2003

Simonnet, Eric, Michael Ghil, Kayo Ide, Roger Temam, and Shouhong Wang. 2003. “Low-frequency variability in shallow-water models of the wind-driven ocean circulation. Part II: Time-dependent solutions.” Journal of Physical Oceanography 33 (4). Abstract

The time-dependent wind-driven ocean circulation is investigated for both a rectangular and a North Atlantic– shaped basin. Multiple steady states in a 2 ½ -layer shallow-water model and their dependence on various pa- rameters and other model properties were studied in Part I for the rectangular basin. As the wind stress on the rectangular basin is increased, each steady-state branch is destabilized by a Hopf bifurcation. The periodic solutions that arise off the subpolar branch have a robust subannual periodicity of 4–5 months. For the subtropical branch, the period varies between sub- and interannual, depending on the inverse Froude number F 2 defined with respect to the lower active layer’s thickness H 2 . As F 2 is lowered, the perturbed-symmetric branch is destabilized baroclinically, before the perturbed pitchfork bifurcation examined in detail in Part I occurs. Transition to aperiodic behavior arises at first by a homoclinic explosion off the isolated branch that exists only for sufficiently high wind stress. Subsequent global and local bifurcations all involve the subpolar branch, which alone exists in the limit of vanishing wind stress. Purely subpolar solutions vary on an interannual scale, whereas combined subpolar and subtropical solutions exhibit complex transitions affected by a second, subpolar homoclinic orbit. In the latter case, the timescale of the variability is interdecadal. The role of the global bifurcations in the interdecadal variability is investigated. Numerical simulations were carried out for the North Atlantic with earth topography- 5 minute (ETOPO-5) coastline geometry in the presence of realistic, as well as idealized, wind stress forcing. The simulations exhibit a realistic Gulf Stream at 20-km resolution and with realistic wind stress. The variability at 12-km resolution exhibits spectral peaks at 6 months, 16 months, and 6–7 years. The subannual mode is strongest in the subtropical gyre; the interannual modes are both strongest in the subpolar gyre.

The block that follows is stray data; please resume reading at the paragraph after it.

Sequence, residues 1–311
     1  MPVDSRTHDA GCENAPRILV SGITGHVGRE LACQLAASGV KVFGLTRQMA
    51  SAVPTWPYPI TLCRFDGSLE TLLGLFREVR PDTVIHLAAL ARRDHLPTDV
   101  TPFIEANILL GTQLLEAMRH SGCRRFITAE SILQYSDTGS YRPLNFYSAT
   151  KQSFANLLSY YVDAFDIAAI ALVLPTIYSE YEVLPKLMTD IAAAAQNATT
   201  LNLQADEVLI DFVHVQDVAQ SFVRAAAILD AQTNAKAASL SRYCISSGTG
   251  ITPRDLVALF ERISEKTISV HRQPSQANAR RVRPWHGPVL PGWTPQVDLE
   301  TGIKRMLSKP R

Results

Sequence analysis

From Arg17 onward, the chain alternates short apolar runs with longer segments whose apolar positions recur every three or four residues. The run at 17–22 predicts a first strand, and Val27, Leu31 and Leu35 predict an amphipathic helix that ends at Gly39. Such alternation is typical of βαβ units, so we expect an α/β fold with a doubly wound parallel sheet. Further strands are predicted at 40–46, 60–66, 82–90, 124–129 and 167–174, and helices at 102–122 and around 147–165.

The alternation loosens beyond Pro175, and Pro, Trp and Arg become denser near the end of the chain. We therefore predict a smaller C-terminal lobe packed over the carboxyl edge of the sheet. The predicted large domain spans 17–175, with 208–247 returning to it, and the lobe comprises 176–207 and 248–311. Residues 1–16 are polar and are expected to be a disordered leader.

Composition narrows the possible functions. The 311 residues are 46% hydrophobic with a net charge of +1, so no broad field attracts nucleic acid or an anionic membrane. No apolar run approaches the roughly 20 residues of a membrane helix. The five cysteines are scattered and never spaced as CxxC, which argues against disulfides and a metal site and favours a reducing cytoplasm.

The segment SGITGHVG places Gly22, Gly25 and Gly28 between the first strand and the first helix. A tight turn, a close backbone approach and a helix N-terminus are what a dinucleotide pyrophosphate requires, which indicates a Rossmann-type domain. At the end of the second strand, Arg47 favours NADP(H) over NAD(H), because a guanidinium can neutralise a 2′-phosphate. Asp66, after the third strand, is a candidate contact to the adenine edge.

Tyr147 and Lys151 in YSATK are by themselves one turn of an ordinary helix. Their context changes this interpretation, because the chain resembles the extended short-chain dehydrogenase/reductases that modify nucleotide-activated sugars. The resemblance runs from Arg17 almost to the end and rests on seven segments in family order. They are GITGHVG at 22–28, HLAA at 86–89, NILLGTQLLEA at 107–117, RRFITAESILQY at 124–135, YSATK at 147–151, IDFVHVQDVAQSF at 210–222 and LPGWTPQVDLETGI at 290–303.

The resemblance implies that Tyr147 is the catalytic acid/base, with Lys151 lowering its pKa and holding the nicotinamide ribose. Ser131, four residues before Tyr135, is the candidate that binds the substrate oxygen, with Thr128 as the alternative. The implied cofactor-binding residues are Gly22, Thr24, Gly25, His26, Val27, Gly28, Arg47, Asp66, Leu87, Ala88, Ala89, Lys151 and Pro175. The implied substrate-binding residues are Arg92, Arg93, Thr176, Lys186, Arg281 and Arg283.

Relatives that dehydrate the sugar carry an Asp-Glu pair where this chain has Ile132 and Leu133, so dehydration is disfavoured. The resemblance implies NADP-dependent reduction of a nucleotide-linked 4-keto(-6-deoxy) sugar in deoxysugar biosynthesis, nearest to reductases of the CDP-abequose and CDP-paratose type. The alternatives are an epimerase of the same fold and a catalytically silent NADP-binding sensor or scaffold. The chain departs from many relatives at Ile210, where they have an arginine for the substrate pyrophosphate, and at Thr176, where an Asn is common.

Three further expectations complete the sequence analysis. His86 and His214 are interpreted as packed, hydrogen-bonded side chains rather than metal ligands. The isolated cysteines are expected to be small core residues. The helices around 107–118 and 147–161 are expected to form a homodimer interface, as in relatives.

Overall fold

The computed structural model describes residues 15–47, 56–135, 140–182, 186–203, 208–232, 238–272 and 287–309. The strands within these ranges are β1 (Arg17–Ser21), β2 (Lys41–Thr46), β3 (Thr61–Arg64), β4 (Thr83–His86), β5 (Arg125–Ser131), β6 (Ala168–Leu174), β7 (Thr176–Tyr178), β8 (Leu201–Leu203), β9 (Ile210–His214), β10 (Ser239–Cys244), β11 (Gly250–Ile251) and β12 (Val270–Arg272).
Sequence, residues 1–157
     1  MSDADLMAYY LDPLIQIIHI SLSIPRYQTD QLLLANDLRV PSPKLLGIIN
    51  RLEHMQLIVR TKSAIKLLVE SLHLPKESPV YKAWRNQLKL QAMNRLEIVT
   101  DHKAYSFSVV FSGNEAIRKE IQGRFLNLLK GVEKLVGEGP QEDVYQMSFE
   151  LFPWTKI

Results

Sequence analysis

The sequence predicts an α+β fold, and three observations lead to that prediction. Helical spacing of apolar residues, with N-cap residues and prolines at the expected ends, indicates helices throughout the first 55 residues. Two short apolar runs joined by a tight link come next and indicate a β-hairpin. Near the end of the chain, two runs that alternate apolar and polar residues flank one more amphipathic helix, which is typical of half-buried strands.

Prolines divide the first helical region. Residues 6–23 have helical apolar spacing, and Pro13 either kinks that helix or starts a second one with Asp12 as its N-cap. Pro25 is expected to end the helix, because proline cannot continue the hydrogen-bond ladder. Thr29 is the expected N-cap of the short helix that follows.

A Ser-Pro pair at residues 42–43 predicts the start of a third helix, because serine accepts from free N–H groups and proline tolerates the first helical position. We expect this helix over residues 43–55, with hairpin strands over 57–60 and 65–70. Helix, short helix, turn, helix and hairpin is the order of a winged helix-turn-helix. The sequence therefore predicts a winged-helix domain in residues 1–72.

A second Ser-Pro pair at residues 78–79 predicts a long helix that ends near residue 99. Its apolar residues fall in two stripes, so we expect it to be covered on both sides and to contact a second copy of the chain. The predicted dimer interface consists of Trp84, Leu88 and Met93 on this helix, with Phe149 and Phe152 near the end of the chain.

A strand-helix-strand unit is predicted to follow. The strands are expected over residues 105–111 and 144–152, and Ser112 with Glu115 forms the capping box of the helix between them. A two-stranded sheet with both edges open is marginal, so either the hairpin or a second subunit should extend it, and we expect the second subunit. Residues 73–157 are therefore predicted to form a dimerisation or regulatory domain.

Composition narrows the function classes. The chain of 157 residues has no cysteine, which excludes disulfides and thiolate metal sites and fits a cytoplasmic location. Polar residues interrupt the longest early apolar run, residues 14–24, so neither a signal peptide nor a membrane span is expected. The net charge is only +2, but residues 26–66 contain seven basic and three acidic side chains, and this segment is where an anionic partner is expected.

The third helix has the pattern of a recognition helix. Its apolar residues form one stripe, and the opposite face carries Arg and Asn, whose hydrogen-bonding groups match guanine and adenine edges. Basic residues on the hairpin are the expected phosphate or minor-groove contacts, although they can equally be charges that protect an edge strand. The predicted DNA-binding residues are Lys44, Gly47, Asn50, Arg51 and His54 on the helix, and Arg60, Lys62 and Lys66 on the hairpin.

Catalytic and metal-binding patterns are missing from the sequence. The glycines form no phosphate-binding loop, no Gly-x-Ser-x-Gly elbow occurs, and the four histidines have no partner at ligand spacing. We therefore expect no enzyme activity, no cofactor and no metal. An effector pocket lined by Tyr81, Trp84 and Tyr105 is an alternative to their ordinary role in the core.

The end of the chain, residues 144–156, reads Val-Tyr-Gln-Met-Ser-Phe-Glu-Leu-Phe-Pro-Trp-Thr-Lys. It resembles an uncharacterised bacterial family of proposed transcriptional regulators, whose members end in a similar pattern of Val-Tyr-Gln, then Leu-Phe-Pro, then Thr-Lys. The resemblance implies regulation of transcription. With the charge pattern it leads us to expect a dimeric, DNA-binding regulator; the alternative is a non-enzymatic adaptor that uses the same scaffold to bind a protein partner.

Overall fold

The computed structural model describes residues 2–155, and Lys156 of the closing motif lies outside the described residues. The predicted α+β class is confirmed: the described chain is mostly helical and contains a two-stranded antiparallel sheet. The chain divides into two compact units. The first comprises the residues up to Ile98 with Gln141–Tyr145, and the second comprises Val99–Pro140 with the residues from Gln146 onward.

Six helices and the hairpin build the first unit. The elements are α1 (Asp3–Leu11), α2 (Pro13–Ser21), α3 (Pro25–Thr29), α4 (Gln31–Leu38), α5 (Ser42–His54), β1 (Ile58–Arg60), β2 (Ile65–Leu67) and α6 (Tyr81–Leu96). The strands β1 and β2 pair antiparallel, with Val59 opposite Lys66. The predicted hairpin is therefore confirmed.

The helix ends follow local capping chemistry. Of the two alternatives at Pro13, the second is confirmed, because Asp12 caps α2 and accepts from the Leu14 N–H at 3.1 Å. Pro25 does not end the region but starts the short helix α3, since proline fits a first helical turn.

Varadi, F., B. Runnegar, and Michael Ghil. 2003. “Successive refinements in long-term integrations of planetary orbits.” The Astrophysical Journal 592 (1). IOP Publishing: 620.

PDF2002

Ghil, Michael, M. R. Allen, M. D. Dettinger, Kayo Ide, Dmitri Kondrashov, M. E. Mann, Andrew W. Robertson, et al. 2002. “Advanced spectral methods for climatic time series.” Reviews of Geophysics 40 (1): 1–41.

PDFGhil, M, Y Feliks, and L. U. Sushama. 2002. “Baroclinic and barotropic aspects of the wind-driven ocean circulation.” Physica D: Nonlinear Phenomena 167 (1). Elsevier: 1–35. Abstract